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How many planets are in the universe?

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Sep 9, 2023, 2:32:37 PM9/9/23

How many planets are in the universe?
By Briley Lewis published 1 day ago
We currently know of 5,502 planets beyond the solar system, but we've
only found the tiniest fraction of the planets astronomers think lie
elsewhere in the universe.

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Kepler's exoplanets.
There are currently 5,502 known planets beyond the solar system. (Image
credit: NASA/JPL-Caltech/T. Pyle (SSC))
Space is mind-bogglingly big. Our galaxy alone has around 100 billion
stars, and there could be trillions of galaxies in the universe. (And a
trillion is almost definitely larger than you think it is!) But do we
know how many planets are out there?

Astronomers have discovered 5,502 planets around other stars (known as
exoplanets) in the Milky Way. Add in the eight in our solar system (not
nine, sorry Pluto), and that gives us a total of 5,510 known planets,
all located in our own galaxy. Counting planets is a hard task, though,
and astronomers are certain there are many more out there we haven't
found yet.

"Even though we only know of around 5,000 planets right now, we can
estimate that there is roughly one planet for every star," Mark
Popinchalk, an astronomer at New York City's American Museum of Natural
History, told Live Science. "Our galaxy has 100 billion stars, and so
likely has around that many planets. We can't give an exact number."

Popinchalk described determining exoplanet totals like trying to figure
out how many people live in your city without an internet search. For an
exact number, you could try to meet people one by one and count them up,
but this is entirely impractical. It's a lot easier to get an estimate
using data like the number of people who live in one home, and the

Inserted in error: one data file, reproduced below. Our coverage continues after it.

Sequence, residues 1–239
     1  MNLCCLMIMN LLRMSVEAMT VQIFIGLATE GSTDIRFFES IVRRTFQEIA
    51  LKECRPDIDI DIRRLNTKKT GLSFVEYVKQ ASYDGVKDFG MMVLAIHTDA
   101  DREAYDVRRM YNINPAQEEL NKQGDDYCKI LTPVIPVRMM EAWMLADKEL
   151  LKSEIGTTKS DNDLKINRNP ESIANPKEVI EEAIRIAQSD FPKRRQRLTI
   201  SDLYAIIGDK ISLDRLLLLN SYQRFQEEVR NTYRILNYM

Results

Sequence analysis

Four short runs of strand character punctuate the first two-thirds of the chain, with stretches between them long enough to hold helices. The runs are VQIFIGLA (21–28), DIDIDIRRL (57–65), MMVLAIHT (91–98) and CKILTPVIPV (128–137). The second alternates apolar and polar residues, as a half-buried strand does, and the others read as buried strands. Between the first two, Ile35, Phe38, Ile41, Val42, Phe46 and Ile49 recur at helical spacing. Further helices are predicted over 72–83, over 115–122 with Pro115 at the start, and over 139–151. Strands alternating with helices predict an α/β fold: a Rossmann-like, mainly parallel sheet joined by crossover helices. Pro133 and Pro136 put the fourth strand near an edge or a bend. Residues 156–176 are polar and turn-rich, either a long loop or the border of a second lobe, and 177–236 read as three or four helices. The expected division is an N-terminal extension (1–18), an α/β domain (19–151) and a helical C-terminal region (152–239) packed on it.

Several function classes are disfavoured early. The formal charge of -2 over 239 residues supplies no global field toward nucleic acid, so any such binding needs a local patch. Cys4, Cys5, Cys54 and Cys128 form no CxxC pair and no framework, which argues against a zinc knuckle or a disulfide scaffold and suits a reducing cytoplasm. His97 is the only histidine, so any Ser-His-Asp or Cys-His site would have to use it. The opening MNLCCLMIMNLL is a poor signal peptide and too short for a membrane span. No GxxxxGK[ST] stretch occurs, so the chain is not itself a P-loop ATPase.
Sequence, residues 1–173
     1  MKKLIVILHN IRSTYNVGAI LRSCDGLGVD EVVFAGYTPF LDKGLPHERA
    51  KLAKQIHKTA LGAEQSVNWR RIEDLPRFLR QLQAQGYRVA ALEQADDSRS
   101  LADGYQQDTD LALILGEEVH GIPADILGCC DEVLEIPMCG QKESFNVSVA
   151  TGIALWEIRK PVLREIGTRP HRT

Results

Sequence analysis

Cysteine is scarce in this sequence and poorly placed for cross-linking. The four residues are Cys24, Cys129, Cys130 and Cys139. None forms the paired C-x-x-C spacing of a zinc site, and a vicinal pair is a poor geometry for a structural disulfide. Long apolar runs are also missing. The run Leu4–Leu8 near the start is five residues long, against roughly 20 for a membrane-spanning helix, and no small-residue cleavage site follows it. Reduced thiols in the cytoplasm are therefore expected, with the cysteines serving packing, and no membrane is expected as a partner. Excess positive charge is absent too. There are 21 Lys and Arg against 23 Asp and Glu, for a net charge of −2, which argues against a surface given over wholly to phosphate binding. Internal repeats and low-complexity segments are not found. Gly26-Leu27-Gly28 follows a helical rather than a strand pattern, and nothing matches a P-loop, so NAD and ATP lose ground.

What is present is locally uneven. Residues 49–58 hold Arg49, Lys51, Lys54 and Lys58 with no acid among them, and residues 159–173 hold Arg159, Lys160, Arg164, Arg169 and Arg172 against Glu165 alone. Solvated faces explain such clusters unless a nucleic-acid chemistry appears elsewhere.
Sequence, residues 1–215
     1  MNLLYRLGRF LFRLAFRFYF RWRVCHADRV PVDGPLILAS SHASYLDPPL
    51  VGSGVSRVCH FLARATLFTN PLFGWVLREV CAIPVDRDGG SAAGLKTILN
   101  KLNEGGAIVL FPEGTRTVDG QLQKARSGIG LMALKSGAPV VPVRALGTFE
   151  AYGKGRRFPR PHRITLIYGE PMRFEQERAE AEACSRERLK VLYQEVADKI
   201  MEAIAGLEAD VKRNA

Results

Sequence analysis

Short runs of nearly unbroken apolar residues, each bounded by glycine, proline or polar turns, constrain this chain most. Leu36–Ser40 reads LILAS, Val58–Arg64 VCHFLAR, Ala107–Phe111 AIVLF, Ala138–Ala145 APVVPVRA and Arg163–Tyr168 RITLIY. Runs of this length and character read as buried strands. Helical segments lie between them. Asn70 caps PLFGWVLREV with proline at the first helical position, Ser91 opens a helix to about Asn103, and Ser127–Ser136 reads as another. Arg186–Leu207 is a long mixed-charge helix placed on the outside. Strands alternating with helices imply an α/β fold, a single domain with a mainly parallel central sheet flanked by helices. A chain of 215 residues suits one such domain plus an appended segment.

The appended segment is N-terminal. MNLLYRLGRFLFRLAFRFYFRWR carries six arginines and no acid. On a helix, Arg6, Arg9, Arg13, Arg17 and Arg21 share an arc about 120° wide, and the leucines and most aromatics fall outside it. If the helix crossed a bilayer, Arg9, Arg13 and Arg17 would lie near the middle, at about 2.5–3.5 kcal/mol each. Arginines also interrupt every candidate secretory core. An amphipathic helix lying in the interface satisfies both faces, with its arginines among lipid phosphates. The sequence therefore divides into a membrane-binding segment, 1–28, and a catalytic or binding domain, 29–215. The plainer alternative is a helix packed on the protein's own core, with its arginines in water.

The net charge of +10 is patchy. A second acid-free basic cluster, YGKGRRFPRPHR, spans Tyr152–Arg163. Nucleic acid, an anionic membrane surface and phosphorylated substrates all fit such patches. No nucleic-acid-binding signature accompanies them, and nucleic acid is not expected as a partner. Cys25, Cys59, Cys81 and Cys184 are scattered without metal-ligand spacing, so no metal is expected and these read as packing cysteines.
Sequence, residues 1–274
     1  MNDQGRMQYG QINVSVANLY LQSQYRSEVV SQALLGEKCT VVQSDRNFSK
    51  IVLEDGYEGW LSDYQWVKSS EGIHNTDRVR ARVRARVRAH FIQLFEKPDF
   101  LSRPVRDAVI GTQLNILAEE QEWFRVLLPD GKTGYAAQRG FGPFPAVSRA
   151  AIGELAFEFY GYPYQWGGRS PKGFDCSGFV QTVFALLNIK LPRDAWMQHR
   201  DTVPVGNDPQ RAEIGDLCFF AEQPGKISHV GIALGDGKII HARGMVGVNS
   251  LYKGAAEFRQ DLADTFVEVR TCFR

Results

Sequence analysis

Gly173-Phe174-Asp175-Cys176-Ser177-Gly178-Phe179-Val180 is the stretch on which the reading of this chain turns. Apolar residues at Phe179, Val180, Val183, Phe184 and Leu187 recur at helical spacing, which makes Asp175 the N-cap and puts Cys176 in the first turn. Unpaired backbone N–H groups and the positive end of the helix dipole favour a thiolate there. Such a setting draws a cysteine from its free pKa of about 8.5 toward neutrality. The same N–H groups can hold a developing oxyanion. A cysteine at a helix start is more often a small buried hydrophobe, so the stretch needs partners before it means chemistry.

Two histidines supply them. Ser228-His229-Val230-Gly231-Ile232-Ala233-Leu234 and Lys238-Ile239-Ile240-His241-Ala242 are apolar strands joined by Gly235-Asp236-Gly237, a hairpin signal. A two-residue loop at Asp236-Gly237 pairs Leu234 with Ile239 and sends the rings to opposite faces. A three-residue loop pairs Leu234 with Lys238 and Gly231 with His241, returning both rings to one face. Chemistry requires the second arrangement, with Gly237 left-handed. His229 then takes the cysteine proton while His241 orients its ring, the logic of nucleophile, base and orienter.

number of homes in the city.

Astronomers estimate that every star has approximately one planet based
on observations. In order to know what a typical stellar household looks
like, astronomers look at our neighbors. Scientists have used a couple
of different techniques to search for exoplanets, including the transit
method used by the Kepler space telescope and the radial velocity method
that led to the Nobel Prize-winning discovery of 51 Pegasi b. With both
transits and radial velocities, astronomers look at the star instead of
the planet, looking for little signs of the planet’s presence—dips in
the amount of starlight when a planet orbits in front or wiggles in the
star’s position from the gravitational tug of a planet, respectively.

All the planets discovered so far are well within the Milky Way, though;
no one has yet for sure found a planet outside the galaxy (sometimes
referred to as an extroplanet), simply because they're so far away and
hard to see. One technique, called microlensing, has revealed a few
possible extroplanets.

"In our own galaxy, microlensing planets are discovered when their host
stars gravitationally bend the light of distant stars behind them, and
the mass from the planet adds a little extra blip in the lensed light,"
Yoni Brande, an astronomer at the University of Kansas, told Live
Science. "Lensing has long been a fixture of studies of distant
galaxies, so it makes sense that we should be able to see faint
planetary lensing signals in other galaxies as well, we just haven't
confirmed any."

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To continue Popinchalk's city analogy, by looking beyond the Milky Way
we're asking how many people live in all the cities on Earth. "If our
galaxy has around 100 billion planets, and there are one trillion other
galaxies, and each of them probably has as many planets, we can multiply
that together to get 100 sextillion planets in the universe," Popinchalk
said. (That's a 1 followed by 23 zeroes.)

With such a humongous number of planets, people often argue that there
must be at least one other planet with life somewhere in the universe.
Astronomers still don't know, however, how rare life — and the
conditions needed for it to arise — actually is. "We'll have to wait at
least a few decades for the next generation of large exoplanet-focused
space telescopes (like the Habitable Worlds Observatory) to really start
to look for life elsewhere in the galaxy," Brande said.

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Briley Lewis
Briley Lewis
Freelance science writer
Briley Lewis (she/her) is a freelance science writer and Ph.D.
Candidate/NSF Fellow at the University of California, Los Angeles
studying Astronomy & Astrophysics. Follow her on Twitter @briles_34 or
visit her website

Jim Wilkins

Sep 9, 2023, 5:54:31 PM9/9/23
"a425couple" wrote in message news:7T2LM.841698$qnnb....@fx11.iad...

That's important to astronomers living off grants. For the rest the
important questions are which ones have discovered -us- and are they

Methods of hiding signals, and detecting them anyway, have been highly
developed, so we have a good idea of what to look for.

AFAIK my radio call sign is unique in the Universe.

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